Benefits of premarital counseling sessions

Premarital therapy helps couples plan for the future, set financial or family planning goals, and helps couples find ways to accomplish their goals. Premarital counseling offers a safe place for couples to talk about their expectations for married life and what they want in the future with their partner.

The time spent in premarital counseling can help you discover what the other person thinks about many topics before you walk down the aisle and help you have a stronger relationship. In premarital counseling, you may explore the topic of religion, and within what religion you will raise your future children. You might talk about children and if you want them and how many. You may talk about your in-laws and how you want to split time between them on holidays or regular occasions. You might talk about how you want to split house duties how you want to raise children or how to go about setting realistic expectations about finances in your married life. All of these things are important to talk through before marriage, and premarital counseling is a great place to discuss these things and create a plan of action to feel prepared. Doing this can help prevent future conflicts and arguments for married couples.

Effective communication is one of the most important aspects of any healthy marriage, and premarital counseling can be a great place to learn how to communicate effectively with your partner, using the insight and experience of a marriage counseling expert. When communication problems persist, it may be likely that the marriage will not last. Counseling can help the two of you to learn how to be good listeners, so that you know what the other person needs and wants. Keeping an open line of communication between couples and being able to express love and continue to build on your relationship can help a marriage last. Premarital counseling can help couples learn to talk to each other and express feelings in a way that will not damage the relationship. You can learn when it is appropriate to express how you feel, create realistic expectations for communication, and learn how to speak honestly without causing the other person to feel defensive.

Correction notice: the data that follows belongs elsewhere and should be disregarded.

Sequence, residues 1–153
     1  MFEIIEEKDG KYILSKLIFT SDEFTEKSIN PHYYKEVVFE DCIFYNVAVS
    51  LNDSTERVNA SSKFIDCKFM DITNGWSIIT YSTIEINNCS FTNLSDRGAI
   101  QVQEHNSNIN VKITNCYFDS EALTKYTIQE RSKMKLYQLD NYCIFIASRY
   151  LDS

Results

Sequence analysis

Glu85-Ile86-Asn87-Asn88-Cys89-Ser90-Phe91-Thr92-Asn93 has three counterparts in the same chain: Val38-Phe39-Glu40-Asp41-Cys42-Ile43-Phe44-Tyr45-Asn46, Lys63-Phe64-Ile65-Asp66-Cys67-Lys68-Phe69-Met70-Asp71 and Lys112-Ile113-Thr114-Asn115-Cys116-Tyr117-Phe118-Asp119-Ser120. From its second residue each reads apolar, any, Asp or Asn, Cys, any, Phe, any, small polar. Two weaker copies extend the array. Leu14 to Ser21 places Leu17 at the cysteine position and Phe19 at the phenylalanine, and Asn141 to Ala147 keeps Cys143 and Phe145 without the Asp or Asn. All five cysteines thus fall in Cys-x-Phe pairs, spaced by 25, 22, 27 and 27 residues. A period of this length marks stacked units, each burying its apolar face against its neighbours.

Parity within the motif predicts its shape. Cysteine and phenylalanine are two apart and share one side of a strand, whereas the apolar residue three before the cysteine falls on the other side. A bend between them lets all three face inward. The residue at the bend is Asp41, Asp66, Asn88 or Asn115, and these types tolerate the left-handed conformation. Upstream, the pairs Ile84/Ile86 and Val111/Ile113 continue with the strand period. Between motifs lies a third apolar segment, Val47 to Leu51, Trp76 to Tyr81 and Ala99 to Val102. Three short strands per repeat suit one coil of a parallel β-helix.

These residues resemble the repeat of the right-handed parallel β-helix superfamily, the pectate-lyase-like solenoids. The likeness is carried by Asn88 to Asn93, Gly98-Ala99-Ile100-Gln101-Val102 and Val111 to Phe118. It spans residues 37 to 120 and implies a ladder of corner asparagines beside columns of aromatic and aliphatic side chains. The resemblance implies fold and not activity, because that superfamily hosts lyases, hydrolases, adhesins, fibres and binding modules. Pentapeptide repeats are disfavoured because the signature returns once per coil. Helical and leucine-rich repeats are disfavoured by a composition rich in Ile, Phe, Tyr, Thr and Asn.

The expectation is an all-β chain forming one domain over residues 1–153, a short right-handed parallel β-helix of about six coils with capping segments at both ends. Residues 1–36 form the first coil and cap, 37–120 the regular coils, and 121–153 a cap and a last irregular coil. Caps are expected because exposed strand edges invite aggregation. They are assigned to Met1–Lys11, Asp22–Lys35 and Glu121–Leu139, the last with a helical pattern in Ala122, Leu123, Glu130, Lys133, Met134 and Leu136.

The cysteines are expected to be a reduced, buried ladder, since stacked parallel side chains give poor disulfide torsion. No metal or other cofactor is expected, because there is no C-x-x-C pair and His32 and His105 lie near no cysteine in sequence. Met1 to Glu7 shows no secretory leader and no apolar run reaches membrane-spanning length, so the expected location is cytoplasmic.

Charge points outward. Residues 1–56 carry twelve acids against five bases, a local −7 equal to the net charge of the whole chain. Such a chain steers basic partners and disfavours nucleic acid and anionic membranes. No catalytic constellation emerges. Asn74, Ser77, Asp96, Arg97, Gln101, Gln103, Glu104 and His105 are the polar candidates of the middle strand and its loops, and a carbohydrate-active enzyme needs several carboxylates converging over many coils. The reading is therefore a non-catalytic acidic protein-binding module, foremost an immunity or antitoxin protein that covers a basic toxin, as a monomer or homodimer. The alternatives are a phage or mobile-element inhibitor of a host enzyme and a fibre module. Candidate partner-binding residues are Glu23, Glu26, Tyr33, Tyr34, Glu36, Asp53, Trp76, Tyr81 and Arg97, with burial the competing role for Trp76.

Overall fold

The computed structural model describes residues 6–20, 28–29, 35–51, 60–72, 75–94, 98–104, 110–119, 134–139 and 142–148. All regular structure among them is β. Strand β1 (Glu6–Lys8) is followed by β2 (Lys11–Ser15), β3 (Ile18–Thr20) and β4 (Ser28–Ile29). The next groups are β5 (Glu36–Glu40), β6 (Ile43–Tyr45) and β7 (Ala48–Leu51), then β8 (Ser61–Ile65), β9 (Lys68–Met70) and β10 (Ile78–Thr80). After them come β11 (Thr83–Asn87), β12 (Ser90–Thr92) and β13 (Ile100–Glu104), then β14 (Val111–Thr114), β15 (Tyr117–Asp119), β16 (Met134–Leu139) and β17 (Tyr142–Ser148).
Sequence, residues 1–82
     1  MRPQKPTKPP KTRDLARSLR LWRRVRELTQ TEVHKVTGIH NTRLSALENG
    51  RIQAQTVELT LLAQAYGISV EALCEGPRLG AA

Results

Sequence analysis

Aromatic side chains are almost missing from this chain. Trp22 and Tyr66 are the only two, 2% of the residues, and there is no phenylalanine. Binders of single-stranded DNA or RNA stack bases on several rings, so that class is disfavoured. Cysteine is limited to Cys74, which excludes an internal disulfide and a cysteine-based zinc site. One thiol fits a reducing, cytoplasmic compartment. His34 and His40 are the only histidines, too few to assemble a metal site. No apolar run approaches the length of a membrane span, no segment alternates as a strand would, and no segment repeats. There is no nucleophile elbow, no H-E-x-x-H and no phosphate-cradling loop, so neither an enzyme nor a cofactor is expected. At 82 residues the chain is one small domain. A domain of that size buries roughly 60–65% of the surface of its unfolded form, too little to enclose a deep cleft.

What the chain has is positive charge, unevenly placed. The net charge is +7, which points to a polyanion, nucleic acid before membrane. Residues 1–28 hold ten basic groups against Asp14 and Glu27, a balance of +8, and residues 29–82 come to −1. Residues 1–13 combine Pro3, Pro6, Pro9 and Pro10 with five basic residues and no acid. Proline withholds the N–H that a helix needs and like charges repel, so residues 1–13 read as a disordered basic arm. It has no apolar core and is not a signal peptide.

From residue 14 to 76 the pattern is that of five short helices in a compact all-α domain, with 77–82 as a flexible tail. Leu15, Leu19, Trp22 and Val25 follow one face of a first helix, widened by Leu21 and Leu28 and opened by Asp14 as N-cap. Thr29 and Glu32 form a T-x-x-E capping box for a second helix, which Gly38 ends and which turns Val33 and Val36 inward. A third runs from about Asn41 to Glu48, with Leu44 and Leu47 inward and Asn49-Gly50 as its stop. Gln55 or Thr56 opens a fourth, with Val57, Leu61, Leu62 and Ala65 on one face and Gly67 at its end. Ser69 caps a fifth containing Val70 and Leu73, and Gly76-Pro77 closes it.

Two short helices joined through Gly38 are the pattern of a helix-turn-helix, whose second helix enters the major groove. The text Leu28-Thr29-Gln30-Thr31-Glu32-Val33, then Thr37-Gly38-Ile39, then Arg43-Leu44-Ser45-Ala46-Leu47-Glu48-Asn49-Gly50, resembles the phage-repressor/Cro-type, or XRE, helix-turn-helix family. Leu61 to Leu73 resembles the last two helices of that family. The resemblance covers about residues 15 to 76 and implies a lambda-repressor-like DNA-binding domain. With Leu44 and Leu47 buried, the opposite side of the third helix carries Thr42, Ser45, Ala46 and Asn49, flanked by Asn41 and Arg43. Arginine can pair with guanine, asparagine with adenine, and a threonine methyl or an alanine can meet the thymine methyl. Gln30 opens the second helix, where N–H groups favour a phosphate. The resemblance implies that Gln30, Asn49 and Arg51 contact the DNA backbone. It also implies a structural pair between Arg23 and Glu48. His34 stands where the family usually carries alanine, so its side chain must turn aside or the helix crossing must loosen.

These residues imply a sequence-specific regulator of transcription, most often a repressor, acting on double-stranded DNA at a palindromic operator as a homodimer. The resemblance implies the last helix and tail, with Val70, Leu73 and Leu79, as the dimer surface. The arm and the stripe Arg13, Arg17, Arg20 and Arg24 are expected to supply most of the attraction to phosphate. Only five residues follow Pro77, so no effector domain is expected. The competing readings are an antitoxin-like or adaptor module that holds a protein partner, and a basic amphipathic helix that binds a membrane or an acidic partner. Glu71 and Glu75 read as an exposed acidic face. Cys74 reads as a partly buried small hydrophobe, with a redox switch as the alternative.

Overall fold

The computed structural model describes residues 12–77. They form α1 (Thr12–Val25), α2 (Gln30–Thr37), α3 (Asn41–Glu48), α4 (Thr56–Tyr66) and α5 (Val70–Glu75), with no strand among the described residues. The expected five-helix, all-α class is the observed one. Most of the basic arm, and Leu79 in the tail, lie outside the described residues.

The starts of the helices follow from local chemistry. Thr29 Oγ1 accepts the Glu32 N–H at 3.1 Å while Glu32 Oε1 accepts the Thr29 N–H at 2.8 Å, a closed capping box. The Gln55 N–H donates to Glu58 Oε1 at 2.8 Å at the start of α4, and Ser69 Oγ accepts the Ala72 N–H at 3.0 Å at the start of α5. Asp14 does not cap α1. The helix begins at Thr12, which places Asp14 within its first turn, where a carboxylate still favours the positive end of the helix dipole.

Premarital counseling is also beneficial for the little problems that might already exist in a relationship. Little problems can turn into major arguments if they are given a chance to fester and build up internally. Holding things in, and not talking about them can create resentment towards your partner, which can cause tension and unkind feelings. Counseling can address these issues and help you work through negative feelings before they turn into something bigger.